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Singapore to launch S-E Asia's first legaltech accelerator

Accelerate! will groom legaltech startups, incubate new business models or services conceived by law firms


SINGAPORE is taking the lead to digitally transform its legal sector. Come April, the country will be home to South-east Asia's first legaltech accelerator. Named Accelerate!, it aims to groom legaltech startups as well as incubate new business models or services conceived by law firms.

This was unveiled by the Singapore Academy of Law (SAL) on Wednesday at the launch of its Future Law Innovation Programme (Flip), an initiative announced last July that will prepare the legal industry - said to be one of the last to think about innovation - for technological disruption.

Flip comprises three components, of which the first two were launched on Wednesday. They are a Legal Innovation Lab located at coworking space Collision 8, which will incubate innovations by law firms and legaltech startups; and LawNet Community, a virtual collaboration platform which allows the legal community to network and access tech tools.

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Accelerate! - the third component of Flip - is a 100-day accelerator programme that will be powered by Singapore-based corporate accelerator JFDI. It will provide startups with mentorship and seed funding from Spring Singapore and venture capitalists. The Business Times understands that Accelerate! is now looking to raise S$2.5 million to begin with.

JFDI chief Hugh Mason told BT: "Flip is a remarkably visionary initiative. In terms of timing, honestly it's a mix. There are still a lot of very conservative legal firms in every territory, but there are also some great instances of machine learning applied to evidence discovery etc." He added: "It will be interesting because tech is not going to make lawyers redundant but supercharge them. I think a part robot, part human being solution is what could emerge from the programme."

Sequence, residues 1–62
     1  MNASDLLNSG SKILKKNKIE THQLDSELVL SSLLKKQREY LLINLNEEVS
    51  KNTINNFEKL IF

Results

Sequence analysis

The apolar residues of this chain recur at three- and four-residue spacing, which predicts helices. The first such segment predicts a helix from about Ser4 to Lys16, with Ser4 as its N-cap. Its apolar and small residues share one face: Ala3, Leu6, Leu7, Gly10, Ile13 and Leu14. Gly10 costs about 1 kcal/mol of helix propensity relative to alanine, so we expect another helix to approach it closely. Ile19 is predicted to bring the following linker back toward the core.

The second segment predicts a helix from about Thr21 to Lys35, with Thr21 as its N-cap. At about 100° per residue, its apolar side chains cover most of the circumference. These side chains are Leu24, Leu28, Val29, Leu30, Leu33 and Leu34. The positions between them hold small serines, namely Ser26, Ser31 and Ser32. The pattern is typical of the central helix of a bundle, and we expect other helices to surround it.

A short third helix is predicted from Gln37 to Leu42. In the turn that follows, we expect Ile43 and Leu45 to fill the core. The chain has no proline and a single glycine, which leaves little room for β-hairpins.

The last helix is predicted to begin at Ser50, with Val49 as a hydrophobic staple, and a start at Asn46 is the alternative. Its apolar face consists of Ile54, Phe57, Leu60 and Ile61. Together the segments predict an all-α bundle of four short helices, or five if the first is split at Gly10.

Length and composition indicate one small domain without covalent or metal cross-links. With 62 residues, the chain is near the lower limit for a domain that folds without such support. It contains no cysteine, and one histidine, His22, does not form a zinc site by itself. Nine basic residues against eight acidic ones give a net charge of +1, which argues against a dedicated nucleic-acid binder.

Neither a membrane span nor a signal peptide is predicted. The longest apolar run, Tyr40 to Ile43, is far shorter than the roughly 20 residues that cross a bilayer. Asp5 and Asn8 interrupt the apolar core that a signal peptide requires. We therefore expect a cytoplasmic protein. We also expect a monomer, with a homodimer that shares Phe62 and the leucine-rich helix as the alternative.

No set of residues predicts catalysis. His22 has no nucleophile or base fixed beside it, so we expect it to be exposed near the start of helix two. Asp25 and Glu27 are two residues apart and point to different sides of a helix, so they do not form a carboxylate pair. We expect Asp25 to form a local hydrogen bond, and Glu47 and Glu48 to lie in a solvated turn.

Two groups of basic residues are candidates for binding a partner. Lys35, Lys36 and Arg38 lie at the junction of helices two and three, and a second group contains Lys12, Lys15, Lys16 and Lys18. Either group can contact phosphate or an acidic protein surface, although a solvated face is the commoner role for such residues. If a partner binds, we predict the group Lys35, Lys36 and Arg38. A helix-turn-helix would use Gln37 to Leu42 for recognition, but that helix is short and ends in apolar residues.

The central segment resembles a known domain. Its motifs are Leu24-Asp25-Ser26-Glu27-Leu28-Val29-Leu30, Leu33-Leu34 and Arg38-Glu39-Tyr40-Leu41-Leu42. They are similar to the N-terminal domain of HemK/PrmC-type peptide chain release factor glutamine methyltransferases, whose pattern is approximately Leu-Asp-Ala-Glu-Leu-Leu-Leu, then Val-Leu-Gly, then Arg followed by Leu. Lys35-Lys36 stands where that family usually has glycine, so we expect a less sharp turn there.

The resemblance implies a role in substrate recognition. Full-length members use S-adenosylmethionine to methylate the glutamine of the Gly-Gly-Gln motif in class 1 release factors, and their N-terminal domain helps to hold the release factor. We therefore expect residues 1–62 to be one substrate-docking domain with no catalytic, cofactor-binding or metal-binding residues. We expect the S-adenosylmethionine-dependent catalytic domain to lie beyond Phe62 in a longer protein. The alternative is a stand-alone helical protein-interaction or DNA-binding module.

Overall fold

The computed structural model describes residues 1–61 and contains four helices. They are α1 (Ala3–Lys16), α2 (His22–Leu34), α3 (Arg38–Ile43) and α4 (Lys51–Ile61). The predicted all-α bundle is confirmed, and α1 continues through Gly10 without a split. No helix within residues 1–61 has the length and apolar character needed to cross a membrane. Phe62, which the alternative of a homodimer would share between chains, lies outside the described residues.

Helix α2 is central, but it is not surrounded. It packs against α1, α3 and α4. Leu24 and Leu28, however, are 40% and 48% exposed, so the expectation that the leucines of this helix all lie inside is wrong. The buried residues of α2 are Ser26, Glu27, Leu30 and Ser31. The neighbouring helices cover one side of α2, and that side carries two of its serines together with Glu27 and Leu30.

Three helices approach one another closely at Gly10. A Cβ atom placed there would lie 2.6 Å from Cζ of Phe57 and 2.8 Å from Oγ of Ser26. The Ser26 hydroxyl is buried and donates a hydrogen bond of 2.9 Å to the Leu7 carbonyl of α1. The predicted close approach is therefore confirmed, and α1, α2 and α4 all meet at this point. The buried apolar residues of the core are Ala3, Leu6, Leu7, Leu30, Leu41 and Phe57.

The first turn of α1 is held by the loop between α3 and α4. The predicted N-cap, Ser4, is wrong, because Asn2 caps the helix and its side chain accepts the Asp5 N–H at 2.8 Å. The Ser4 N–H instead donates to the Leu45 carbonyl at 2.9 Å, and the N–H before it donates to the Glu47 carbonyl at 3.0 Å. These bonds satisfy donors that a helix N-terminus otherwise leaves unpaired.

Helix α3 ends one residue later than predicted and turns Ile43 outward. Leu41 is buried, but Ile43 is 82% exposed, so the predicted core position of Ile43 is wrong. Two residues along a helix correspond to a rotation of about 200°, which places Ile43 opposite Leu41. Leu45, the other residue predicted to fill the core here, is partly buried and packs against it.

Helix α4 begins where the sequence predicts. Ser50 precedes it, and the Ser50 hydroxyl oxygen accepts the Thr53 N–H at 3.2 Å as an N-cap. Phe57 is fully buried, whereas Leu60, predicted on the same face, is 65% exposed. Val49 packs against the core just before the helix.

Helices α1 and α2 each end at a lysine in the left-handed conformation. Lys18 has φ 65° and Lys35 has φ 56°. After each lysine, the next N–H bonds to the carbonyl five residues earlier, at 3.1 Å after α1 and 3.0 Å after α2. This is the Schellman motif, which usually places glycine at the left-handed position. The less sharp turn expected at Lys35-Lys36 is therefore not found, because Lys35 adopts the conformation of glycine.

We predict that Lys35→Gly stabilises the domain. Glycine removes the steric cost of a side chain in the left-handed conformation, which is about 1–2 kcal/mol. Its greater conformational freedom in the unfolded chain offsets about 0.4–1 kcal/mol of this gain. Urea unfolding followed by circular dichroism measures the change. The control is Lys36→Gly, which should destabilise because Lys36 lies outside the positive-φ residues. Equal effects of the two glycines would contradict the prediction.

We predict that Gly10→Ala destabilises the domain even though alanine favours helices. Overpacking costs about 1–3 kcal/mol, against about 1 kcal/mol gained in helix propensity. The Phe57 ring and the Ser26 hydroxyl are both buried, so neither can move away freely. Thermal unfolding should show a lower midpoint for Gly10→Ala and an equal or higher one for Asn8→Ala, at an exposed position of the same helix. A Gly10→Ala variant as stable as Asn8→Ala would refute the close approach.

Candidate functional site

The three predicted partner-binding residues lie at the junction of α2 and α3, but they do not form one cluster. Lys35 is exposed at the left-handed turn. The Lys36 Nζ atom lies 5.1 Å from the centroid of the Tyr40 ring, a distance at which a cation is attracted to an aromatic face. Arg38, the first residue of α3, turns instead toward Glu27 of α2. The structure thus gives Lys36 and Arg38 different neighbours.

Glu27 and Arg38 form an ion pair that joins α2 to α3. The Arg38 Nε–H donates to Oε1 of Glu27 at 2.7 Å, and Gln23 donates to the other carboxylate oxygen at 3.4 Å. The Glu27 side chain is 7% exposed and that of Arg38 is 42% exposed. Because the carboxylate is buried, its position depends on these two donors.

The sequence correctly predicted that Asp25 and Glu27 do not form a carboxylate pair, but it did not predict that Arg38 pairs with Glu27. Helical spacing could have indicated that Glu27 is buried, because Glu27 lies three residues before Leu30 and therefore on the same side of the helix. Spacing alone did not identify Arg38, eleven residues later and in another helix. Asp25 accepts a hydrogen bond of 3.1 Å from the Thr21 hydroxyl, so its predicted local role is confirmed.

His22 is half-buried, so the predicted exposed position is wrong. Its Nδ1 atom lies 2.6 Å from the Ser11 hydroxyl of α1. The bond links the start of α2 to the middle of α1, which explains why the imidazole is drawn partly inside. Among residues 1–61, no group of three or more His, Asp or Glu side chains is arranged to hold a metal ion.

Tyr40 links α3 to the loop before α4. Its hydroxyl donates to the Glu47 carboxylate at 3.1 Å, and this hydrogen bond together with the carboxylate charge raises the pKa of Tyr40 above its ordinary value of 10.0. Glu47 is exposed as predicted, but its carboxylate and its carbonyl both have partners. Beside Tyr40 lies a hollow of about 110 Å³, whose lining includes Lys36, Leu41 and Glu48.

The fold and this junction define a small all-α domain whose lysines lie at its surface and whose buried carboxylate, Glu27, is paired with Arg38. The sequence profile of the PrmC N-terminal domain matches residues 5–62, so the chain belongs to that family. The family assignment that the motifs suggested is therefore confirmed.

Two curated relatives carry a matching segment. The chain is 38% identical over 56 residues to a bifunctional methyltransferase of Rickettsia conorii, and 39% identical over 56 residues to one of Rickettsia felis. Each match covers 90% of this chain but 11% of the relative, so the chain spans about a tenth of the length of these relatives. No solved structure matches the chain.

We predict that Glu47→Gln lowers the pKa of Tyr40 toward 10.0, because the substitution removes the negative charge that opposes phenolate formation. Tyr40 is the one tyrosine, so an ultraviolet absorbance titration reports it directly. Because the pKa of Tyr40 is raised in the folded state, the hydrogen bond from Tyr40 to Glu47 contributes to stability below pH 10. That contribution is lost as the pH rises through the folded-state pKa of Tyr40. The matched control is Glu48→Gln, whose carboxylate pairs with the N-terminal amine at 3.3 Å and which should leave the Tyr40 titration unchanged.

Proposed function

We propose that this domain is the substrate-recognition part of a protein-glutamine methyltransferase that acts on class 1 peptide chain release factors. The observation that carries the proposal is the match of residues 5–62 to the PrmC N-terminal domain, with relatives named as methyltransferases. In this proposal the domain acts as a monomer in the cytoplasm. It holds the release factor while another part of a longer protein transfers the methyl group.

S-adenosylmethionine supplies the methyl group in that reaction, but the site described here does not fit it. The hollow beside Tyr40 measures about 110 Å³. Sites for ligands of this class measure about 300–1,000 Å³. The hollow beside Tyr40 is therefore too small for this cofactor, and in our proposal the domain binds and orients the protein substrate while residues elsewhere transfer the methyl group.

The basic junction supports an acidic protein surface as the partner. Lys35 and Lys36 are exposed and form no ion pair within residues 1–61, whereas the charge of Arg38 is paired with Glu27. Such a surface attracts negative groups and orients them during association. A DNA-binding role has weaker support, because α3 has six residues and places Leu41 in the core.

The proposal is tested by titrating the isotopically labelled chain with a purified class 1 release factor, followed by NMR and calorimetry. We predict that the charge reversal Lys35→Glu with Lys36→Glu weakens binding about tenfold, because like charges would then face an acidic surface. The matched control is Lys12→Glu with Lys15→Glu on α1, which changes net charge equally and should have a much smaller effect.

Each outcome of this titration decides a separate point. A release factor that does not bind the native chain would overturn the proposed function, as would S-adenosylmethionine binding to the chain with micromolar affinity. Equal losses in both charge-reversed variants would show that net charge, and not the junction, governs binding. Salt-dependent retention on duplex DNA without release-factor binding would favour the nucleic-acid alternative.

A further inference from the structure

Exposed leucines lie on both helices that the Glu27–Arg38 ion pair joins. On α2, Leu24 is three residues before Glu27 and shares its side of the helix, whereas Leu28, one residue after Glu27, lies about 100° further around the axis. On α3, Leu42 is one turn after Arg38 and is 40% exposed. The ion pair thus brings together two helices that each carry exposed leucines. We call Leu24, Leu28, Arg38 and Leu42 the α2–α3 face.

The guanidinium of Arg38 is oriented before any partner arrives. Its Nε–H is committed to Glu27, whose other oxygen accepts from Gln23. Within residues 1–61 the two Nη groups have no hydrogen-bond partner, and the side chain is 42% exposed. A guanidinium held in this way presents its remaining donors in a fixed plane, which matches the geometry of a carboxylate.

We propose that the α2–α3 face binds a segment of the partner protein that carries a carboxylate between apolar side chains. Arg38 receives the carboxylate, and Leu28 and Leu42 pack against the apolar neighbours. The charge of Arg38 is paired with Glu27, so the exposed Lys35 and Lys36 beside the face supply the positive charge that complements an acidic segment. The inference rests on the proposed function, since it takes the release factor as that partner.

Mr Mason added that Singapore is well placed to lead efforts in legaltech, given that it is an economic and commercial hub. "It's a place where you come for stability and structure. The legal community is quite small. We make up our own rules. If Singapore were to pick a few sectors to compete on, law jumps out."

On Wednesday, SAL signed two Memorandums of Understanding with the Singapore Management University (SMU) and Infocomm Media Development Authority (IMDA). SMU will be SAL's academic partner for issues relating to legal innovation and the future business of law. IMDA will partner Flip to nurture legal technologists and build a legaltech toolkit for the smaller law firms.

Basileios Drolias, chief operating officer at UK-based legaltech startup myLawyer, said that a mindset change among lawyers - particularly in the way that they "face tech" - will be key to ensuring Flip's success.

He told a panel discussion at the launch event: "Lawyers are not exactly technophobes. They are more techno-lazy. They are not keen to do a small amount of work to push them over a little hump. That said, I'm not convinced that only the older generation of lawyers have this issue. Breeding a new generation of lawyers ready to adapt to change is very important."

Philip Jeyaretnam, Singapore chief executive officer and global vice-chair at Dentons Rodyk & Davidson, disagreed that lawyers are "techno-lazy". He also noted that an important goal of Flip is to nurture lawyers who think about innovation. "It's about lawyers themselves being able to consider new ways to do things that can speed things up, or be useful to the clients. This comes down to how a firm organises people to change the way they are doing things. Lawyers should think about what they are doing, and apply their own ideas. Ultimately, is your organisation one that is a learning organisation?"

When asked if law firms should create a separate entity to invest in tech, Rajesh Sreenivasan, head of tech, media and telecoms practice at Rajah & Tann Singapore, said that there was no need to. But it has its benefits, including a greater focus, discipline in key performance indicators and the ability to create new revenue streams.

Notably, the law firms that have carved out dedicated tech arms are mostly the big ones. Rajah & Tann Singapore has Rajah & Tann Technologies, while Dentons has Nextlaw Labs (its legaltech accelerator) and Nextlaw Ventures (its tech investment arm).

Mr Sreenivasan said that Flip will expand the legal ecosystem and help lawyers adopt a multidisciplinary approach. "The next step for lawyers is to move out and provide collaborative solutions. Clients like that."

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